Bill Madden is a renown baseball columnist for the New York Daily News since 1989. Originally, he grew up in Oradell, New Jersey. A former high school graduate of Bergen Catholic, Madden went onto stardom after getting hired by the Daily News in 1978. Originally, he covered the Yankees before graduating to a columnist for New York’s hometown paper.
With a enormous resume that includes several books along with serving on the Baseball Hall of Fame Historical Committee in 2005, 2007 and 2008, Madden is an accomplished sports writer. Since players usage of PED’s has become public knowledge, he’s been an outspoken critic of voting for any former player into Cooperstown. That even includes Barry Bonds and Roger Clemens. Along with many other ballplayers, they used performance enhancing drugs to gain a competitive edge.
The steroid or juiced era was the responsibility of Major League Baseball. Former league commissioner Bud Selig turned a blind eye to it following the end of the strike. Instead, baseball rode the “Chicks Dig The Long Ball” campaign which featured Mark McGwire and Sammy Sosa shattering Roger Maris’ single season home run record of 61 in 1961. It wasn’t until the BALCO scandal that things came to a head. Eventually, star players Bonds, McGwire, Sosa, Jason Giambi, Rafael Palmeiro were forced to testify in front of Congress. Most denied usage or pleaded the fifth which only cast more doubt. It forever tarnished McGwire’s legacy despite slugging a single season record of 70 home runs in 1998. Only Giambi admitted to steroid and human growth hormone (HGH) use in front of a grand jury in December 2003. Of course, Palmeiro embarrassed himself by defiantly saying he never used steroids only to get caught red handed.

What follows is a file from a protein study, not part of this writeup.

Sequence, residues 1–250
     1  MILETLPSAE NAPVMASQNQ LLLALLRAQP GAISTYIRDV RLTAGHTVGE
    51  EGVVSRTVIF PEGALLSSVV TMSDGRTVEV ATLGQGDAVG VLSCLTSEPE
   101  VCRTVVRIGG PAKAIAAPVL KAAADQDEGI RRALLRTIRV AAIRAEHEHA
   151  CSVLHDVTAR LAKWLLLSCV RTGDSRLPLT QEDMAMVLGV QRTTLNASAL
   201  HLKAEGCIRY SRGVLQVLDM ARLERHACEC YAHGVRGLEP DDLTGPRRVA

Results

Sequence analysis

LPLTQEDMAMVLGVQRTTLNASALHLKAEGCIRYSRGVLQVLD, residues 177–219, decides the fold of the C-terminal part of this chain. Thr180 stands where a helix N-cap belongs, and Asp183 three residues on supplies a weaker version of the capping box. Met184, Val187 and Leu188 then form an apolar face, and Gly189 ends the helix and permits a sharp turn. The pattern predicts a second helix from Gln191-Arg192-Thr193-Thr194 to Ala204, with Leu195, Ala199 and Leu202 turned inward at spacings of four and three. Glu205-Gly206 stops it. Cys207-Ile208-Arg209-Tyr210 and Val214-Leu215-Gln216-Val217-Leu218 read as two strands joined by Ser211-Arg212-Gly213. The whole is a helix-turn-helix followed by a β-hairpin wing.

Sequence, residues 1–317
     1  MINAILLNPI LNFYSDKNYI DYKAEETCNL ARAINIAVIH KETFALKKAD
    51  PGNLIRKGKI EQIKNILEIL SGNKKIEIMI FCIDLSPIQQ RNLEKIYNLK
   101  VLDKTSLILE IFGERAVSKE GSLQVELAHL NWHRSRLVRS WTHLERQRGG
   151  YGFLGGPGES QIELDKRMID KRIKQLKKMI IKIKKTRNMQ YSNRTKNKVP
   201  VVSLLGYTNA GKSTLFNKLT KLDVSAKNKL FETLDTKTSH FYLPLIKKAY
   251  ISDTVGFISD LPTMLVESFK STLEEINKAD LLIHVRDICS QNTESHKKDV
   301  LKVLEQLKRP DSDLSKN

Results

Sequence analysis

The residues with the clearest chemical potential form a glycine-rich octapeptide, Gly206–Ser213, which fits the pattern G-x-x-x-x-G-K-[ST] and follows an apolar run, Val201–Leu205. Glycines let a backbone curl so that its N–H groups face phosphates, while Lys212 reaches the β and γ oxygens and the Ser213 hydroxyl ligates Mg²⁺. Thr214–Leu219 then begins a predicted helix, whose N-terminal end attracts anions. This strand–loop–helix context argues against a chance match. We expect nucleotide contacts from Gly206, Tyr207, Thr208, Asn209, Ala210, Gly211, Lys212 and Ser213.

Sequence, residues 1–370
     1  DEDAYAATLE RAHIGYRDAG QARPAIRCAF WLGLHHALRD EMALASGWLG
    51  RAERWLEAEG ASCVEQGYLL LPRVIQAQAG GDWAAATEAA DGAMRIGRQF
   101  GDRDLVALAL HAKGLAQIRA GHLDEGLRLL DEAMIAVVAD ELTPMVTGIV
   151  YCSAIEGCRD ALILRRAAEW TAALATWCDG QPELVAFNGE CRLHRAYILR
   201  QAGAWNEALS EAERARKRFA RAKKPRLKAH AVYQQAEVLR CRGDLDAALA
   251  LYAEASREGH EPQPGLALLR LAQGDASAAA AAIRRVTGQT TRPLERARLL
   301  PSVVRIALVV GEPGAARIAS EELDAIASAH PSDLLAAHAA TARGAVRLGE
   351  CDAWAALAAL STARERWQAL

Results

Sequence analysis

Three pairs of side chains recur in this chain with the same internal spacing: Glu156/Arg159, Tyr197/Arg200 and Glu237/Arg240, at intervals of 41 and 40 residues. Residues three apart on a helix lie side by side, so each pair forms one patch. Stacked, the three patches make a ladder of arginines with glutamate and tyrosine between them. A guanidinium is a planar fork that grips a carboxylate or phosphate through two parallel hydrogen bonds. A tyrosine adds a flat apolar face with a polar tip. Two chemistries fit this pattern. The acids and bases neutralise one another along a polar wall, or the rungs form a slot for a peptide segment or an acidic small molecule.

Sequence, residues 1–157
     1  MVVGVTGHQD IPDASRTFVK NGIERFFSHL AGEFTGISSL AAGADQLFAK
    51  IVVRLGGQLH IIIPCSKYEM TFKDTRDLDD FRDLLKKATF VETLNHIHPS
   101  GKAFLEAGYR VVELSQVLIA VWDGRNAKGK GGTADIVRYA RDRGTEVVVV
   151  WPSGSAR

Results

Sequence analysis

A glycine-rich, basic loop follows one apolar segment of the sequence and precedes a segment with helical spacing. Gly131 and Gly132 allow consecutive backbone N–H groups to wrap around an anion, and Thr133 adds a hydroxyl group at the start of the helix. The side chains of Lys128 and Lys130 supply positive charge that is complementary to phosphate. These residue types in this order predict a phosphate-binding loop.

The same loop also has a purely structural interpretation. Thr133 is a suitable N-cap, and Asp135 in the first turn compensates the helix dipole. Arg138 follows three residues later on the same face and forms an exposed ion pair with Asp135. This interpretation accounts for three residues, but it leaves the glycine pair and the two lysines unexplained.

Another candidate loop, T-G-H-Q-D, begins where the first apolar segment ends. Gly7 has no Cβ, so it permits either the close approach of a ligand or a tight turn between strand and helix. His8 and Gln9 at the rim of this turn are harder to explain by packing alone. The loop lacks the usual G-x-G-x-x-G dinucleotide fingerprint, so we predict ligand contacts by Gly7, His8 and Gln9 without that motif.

It’s interesting to note that during this era, writers benefited from covering the sport. Madden’s former coworker Mike Lupica wrote a book entitled Summer of ’98. It was based on the 1998 season which featured McGwire and Sosa chasing history. It also details the Yankees special season en route to their 24th World Championship. The book is also a family affair with Lupica discussing his relationship with his son who also was a huge baseball fan. So, it wasn’t just about McGwire and Sosa but that was a prominent theme that season for fans and media. Nobody knew what was happening off the field. In retrospect, it came off hypocritical because that book made Lupica money. Of course, he and other baseball writers went back to bashing these players which is all part of what makes the media vultures.
Fast forward to the present and it’s only gotten worse. With Alex Rodriguez revealed as a steroid cheat who was caught twice including for his role in the Biogenesis baseball scandal, he served a MLB record 211-game suspension that included all of 2014. A-Rod returned to the Yankees in 2015 ready to put the past behind him. With so much uncertainty about what he would have left after being away from the game for a year and a half, some prognosticators doubted him. Could an aging Rodriguez who would turn 40 on July 27 still produce at a high level? He’s certainly answered that defiantly with 32 home runs and 83 RBI’s. The 32 dingers lead the ball club and the 83 base knocks trail only team leader Brian McCann (87).